• The Accessible Games Database: A really useful resource for people looking for games suitable for those with physical impairments – you can filter by the type of game, or the accessibility features, you’re looking for, so if you want to find a first-person shooter with settings suitable for people with slight motor control issues, say, or games that are colour-blind friendly, this will help.
  • Stravart: This may well have existed for ages, but I was hugely cheered to find it this week – there’s a website dedicated to collecting examples of people who’ve used Strava to ‘draw’ creative running or cycling routes, and some of these are AMAZING. Fine, there’s a reasonable number of crap squiggles, but then there is stuff like the quite incredible portrait of Christ (complete with thorny crown and beatific expression and three crosses in the background, along with the legend “A Holy and Happy Easter to All” – sadly the site doesn’t allow for linking to individual images, but I urge you to go and check that one out. It’s filed under ‘fiction’, which is a ballsy move from whoever’s curating this) which makes you really admire the dedication of those involved. Special shout out to the person who drew Medusa and subjected themselves to what look like a series of very unsatisfying short runs to make the hair-snakes.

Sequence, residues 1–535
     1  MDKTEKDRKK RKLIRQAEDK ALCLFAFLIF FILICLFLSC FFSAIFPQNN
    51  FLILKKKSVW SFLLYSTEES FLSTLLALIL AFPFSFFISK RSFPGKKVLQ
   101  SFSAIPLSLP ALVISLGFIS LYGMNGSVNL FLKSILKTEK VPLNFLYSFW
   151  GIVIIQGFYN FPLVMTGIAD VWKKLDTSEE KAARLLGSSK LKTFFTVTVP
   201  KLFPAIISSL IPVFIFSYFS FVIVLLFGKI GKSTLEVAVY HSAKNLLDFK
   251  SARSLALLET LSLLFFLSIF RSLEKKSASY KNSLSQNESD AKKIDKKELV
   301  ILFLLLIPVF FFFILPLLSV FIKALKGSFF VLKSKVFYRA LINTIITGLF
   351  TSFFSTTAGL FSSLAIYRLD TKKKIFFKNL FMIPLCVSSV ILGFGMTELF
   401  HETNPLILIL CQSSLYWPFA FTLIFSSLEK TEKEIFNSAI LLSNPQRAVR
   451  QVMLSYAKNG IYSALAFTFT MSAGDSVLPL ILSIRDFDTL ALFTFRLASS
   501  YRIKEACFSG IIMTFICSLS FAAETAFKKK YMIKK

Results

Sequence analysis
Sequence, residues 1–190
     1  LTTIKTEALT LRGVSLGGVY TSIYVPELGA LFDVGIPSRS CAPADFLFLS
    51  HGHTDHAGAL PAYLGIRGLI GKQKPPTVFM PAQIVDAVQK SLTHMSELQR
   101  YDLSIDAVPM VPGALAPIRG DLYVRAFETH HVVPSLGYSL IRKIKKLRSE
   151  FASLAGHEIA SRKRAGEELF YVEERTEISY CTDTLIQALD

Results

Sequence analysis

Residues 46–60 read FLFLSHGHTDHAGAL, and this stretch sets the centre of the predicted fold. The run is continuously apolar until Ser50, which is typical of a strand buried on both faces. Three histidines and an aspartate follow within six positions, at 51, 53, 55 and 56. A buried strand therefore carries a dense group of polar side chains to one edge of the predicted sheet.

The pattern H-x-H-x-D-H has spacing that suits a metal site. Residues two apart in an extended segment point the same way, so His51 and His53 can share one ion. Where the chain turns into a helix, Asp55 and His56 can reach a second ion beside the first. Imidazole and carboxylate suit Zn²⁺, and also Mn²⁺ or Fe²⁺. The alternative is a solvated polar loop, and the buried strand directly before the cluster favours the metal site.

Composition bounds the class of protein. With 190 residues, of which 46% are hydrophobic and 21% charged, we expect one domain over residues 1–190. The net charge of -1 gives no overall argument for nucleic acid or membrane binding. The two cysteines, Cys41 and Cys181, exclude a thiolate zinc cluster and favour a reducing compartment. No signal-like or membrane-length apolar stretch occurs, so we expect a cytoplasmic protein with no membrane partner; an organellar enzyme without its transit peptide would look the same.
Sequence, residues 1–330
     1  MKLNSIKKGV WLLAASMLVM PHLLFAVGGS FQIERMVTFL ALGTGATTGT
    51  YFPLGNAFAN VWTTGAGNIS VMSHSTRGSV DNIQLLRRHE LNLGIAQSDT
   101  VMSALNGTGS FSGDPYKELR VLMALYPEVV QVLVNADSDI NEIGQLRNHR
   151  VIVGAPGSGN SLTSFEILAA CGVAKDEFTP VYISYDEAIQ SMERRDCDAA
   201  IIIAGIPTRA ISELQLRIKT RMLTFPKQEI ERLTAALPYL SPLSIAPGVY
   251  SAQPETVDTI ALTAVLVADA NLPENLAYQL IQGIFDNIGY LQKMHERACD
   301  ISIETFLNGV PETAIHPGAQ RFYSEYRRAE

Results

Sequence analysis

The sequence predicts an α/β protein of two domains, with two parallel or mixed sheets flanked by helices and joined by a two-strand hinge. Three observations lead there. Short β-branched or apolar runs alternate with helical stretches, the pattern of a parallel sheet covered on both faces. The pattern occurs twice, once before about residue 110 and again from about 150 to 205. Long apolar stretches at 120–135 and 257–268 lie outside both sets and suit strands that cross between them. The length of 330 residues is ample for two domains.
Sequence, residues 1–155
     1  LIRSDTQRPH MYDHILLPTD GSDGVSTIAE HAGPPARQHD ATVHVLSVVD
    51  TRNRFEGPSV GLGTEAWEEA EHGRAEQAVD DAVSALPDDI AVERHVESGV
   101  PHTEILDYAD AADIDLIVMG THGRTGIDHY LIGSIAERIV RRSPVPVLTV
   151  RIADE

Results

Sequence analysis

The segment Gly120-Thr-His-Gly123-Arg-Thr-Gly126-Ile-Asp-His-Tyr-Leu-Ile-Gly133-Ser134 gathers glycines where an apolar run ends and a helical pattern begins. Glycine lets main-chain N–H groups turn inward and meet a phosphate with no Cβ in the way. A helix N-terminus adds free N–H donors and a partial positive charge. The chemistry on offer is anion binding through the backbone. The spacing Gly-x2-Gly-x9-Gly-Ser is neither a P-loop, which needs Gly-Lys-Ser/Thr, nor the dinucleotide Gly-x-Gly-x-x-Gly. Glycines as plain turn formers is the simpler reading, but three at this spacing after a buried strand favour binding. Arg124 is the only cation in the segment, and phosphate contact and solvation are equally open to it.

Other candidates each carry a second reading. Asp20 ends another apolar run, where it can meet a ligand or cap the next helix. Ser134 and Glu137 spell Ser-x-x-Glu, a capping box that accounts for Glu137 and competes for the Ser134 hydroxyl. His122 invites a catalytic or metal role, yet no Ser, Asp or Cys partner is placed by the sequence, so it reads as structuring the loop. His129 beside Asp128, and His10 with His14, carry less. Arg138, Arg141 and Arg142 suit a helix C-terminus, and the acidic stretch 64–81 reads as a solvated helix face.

• The Stripe Press: I can’t work out if this feels like a proper thing or just an example of slightly-silly tech company hubris – perhaps it’s both! Stripe, the payments company, has started publishing books – the Stripe Press is its new(ish) publishing imprint, through which you can buy a bunch of titles (some new, some revised editions, some reprints) in nice hardback editions, all for around $20 and all promoting a very Valley-ish ideology of GROWTH and CRUSHING IT (and, er, a book chronicling the history of classic videogame Prince of Persia, for some reason). Why? Well, partly, why not? I imagine Stripe isn’t exactly short of a quid or two at present. Equally, though, this is a clear way of signalling both status (WE ARE A TECH COMPANY BUT WE ARE ALSO BOOKSMART PEOPLE!!!) and also of marking out the ideological territory that the business inhabits (increasingly important in this sort of techspace). I would fcuking LOVE Nando’s to copy this. Or, I don’t know, Pot Noodle.